WASHINGTON — He was a lonely gamer who called George Washington a terrorist, defended ISIS on endless Twitter rants and thought he trolled the NSA, ATF and the FBI.

In the end, prosecutors said an undercover FBI agent turned the tables on Romeo X. Langhorne, a Virginia resident now under arrest for providing material support to ISIS.

Langhorne even predicted he could be stopped by a covert law enforcement officer, according to detailed online communications revealed Thursday.

Authorities said Langhorne, 30, was on a mission to create improved web videos for ISIS sympathizers, instructing them on how to make explosive chemicals.

A special agent with the FBI’s Joint Terrorism Task Force said Langhorne wanted to produce a video about TATP, a deadly explosive.

According to Langhorne’s instructions, the video would be made under the guise of a scientific how-to guide, so it would technically remain within the terms of service for online video sites.

The Roanoke resident delegated video production to an ISIS member he met online.

Except the ISIS member Langhorne contacted, and eventually trusted, was a specialist with the FBI.

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Three days after the undercover operation began, text messages show Langhorne initially questioned whether the unidentified man worked for the FBI.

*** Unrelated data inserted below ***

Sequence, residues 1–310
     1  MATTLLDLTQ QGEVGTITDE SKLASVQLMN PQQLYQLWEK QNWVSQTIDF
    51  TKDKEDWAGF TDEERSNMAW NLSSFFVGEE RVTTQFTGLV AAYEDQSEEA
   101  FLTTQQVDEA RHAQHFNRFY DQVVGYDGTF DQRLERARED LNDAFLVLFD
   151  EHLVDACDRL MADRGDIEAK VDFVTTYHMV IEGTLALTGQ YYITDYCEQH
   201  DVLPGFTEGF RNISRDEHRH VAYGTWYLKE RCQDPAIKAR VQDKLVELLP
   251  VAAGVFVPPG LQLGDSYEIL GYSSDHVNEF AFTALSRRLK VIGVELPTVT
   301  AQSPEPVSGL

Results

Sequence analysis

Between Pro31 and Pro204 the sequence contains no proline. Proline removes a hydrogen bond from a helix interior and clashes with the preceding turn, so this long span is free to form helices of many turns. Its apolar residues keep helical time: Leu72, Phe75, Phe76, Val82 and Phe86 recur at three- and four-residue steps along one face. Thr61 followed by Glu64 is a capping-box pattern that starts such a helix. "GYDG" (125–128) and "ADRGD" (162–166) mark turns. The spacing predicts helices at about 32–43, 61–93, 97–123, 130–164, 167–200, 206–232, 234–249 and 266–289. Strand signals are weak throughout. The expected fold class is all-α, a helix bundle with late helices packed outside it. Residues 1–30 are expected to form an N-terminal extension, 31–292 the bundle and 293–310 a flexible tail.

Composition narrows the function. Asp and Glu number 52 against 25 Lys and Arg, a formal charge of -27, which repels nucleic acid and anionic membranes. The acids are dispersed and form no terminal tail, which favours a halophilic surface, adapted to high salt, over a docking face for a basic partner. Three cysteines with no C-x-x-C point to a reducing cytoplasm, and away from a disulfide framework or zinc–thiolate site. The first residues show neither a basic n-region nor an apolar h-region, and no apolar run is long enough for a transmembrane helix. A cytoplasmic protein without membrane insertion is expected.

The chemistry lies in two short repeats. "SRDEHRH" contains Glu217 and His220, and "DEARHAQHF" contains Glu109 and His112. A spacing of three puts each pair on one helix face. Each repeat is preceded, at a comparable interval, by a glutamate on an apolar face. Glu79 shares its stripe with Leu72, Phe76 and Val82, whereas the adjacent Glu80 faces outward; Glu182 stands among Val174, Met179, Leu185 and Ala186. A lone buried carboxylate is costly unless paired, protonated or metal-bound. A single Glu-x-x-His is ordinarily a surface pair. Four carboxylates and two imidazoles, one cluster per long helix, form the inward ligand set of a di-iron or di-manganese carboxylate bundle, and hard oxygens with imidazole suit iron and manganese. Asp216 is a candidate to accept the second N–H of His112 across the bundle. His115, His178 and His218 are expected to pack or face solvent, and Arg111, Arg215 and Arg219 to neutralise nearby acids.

Langhorne texted a hypothetical story, where he called himself "Steve," and the video producer, "Bob."

"Next thing ya know, Steve gets a knock at this door… Turns out Bob was an FBI field agent," Langhorne wrote. "Either you make the video and you prove you aren’t a fed, or… don’t make the video and prove you are a fed."

Records show the undercover agent would eventually create a video – except the chemical formulas produced an inert, harmless substance.

Langhorne uploaded the clip to the British video website BitChute, titling the tutorial, “TATP: HOW YOU LEARNED TO STOP WORRYING AND LOVE THE BOMB.”

He then tweeted after the upload, "It’s alarming to hear sirens in the distance now," and "interesting to see the effects of failed safety handling with explosives." 

Langhorne's Twitter account, @YoRHaJihadi (now suspended), featured an image of two individuals near a computer looking alarmed, both wearing shirts with FBI and NSA printed on them.

His criminal information shows once Langhorne established contact with the undercover agent, he then called the ATF.

Authorities said the purpose of the call was to ask about explosives licenses, inquire whether someone on a terror watch list could obtain such a license, and question what background checks were completed for ATF agents.

The FBI said it has known of Langhorne for five years, when he first made Facebook posts supporting ISIS in 2014.

Twitter cooperated with two search warrants to search Langhorne’s accounts, which ultimately revealed troubling interactions on the social media platform.

In one Twitter direct message, Langhorne wrote, "I don’t plan on blowing myself up at all… But the path I’ll be on will be dangerous and likely end in death."

Langhorne was moved Friday from federal custody in Virginia to a jail near Jacksonville, Fla. Authorities said he lived in St. Augustine when the investigation began, but relocated to Roanoke in early April.

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